Another interesting finding I noticed regards San Francisco’s Transit Analysis Zones, or TAZs. As mentioned previously, the bulk of the congestion in San Francisco’s streets is centered in the Financial District, and the area around BART’s 4 major city center stops. At the same time, when looking at TAZs, the outlying zones highlighted earlier—the ones in Visitacion Valley, Bayview, and Richmond — are the ones with the most cars owned by residents. This striking contrast in car ownership versus congestion highlights San Francisco’s failure to get rid of cars in the City Center suggesting that there is a centralization factor pulling people into the city in their personal, polluting vehicles.

Photo from, Darker red indicates more reliance on cars

Centralization Symptom #1.5

Silicon Valley is the birthplace of the rideshare craze. As such, TNCs (Transit Network Companies, rideshare companies being an example) are used heavily in the Bay Area. Interestingly, data from SFCTA shows that TNC use is the highest on nearly the exact same streets that I isolated in QGIS as those with the slowest auto and transit speeds. Coincidence? Whether this is a direct correlation or not, TNCs certainly don’t help with congestion, but they can help brighten the future for public transit…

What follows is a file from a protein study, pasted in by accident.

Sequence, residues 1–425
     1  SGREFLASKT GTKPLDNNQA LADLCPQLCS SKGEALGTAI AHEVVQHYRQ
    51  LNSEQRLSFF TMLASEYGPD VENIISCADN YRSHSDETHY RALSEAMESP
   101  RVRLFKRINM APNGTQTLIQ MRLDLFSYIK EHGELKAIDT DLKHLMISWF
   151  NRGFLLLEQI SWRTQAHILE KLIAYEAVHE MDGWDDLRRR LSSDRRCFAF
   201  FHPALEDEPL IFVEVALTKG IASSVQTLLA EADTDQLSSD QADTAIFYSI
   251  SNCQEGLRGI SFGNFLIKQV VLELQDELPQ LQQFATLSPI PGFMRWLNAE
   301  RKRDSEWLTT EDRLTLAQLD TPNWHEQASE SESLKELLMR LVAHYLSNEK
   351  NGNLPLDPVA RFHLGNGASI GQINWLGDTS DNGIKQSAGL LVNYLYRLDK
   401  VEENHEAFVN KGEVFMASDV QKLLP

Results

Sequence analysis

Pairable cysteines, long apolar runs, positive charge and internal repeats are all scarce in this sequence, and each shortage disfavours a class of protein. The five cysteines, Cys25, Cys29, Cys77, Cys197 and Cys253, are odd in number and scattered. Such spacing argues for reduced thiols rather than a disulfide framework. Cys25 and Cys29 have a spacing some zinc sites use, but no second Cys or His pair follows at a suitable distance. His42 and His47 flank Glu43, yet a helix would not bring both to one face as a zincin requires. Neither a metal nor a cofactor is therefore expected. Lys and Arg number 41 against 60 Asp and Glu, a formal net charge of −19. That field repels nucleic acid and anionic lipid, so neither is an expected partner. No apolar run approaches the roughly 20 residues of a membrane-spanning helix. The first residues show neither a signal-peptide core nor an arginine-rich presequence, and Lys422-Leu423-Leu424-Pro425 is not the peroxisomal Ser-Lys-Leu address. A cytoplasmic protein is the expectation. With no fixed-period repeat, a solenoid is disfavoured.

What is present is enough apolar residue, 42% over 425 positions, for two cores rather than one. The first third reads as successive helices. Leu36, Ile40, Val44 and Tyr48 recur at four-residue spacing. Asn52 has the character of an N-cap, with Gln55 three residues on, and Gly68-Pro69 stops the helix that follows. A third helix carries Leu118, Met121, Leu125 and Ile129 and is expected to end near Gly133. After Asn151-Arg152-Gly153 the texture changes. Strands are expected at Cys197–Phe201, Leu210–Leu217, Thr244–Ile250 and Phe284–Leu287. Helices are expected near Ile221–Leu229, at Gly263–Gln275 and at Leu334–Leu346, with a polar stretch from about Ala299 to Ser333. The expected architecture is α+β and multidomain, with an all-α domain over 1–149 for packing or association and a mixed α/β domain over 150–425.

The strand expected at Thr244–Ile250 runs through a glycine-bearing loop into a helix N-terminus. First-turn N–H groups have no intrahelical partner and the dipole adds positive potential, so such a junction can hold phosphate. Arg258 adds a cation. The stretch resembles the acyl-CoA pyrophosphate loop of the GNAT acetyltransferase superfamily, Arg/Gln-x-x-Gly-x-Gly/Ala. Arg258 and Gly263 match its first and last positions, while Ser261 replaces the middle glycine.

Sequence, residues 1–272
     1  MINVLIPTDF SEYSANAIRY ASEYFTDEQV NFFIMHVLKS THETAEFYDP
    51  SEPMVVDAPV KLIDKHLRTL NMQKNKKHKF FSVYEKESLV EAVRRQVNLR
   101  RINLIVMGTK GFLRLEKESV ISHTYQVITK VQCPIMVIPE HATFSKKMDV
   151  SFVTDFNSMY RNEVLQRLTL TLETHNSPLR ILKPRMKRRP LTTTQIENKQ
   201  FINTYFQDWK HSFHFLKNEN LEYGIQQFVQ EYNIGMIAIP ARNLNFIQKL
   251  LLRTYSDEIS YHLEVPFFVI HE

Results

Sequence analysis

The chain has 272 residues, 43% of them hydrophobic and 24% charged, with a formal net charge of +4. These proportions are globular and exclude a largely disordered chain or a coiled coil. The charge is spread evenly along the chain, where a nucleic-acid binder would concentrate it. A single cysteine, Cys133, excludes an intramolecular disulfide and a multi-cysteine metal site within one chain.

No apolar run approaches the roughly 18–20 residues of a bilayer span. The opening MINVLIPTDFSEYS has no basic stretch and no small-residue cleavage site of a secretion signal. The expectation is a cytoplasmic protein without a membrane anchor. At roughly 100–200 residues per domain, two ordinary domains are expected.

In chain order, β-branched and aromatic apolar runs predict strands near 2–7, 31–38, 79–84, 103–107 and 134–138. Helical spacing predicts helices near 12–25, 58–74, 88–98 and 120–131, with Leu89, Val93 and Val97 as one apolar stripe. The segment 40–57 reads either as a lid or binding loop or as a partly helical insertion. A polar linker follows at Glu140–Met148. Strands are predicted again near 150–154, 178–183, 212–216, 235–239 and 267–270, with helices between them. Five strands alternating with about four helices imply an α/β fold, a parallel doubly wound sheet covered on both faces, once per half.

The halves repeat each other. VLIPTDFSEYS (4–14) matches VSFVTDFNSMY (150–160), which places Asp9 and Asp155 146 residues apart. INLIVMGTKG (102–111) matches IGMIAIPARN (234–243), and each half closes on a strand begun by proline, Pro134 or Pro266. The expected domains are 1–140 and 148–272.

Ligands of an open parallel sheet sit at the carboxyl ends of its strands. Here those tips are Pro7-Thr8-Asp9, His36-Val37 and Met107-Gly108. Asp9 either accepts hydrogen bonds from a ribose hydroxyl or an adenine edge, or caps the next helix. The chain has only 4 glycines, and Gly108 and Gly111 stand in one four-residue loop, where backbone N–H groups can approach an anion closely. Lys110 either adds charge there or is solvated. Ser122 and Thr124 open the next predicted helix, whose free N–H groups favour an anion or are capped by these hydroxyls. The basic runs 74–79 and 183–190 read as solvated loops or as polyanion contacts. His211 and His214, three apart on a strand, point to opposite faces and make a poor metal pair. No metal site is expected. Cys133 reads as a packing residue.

Why Centralization Matters (or doesn’t)

Centralization on its own isn’t necessarily a bad thing. If San Francisco had a better road network to facilitate fast speeds for cyclists, pedestrians, buses, and cars, we likely would see less congestion in the region. Moreover, if San Francisco was able to attract lots of people to its public transit network, we likely would also see less congestion. At the same time, continued centralization of jobs could continue to plague the hinterlands of the city. It is the districts in the far west and the far south that are suffering at the expense of the Financial District. Many people have far less access to good employment in the South part of the city, and notably those parts of the city face more poverty-related issues (although parts of the city near the Financial District also face their share of issues due largely to continued neglect).

Photo by Nabeel Syed on Unsplash

What Does the Future Hold?

The biggest step forward we can take is to continue to invest in public transit. Continued investment into Bus Rapid Transit (BRT) lines and existing BRT construction will help spread out people, and as a result spread out wealth. Allowing more people to both enter and exit the city center will have dramatic positive effects. Not only will we see positive economic effects, but if we can eliminate cars, we can minimize pollution as well.

Rising HS senior; I have interests in transit, sports, aviation, politics, progressivism, and everything in between.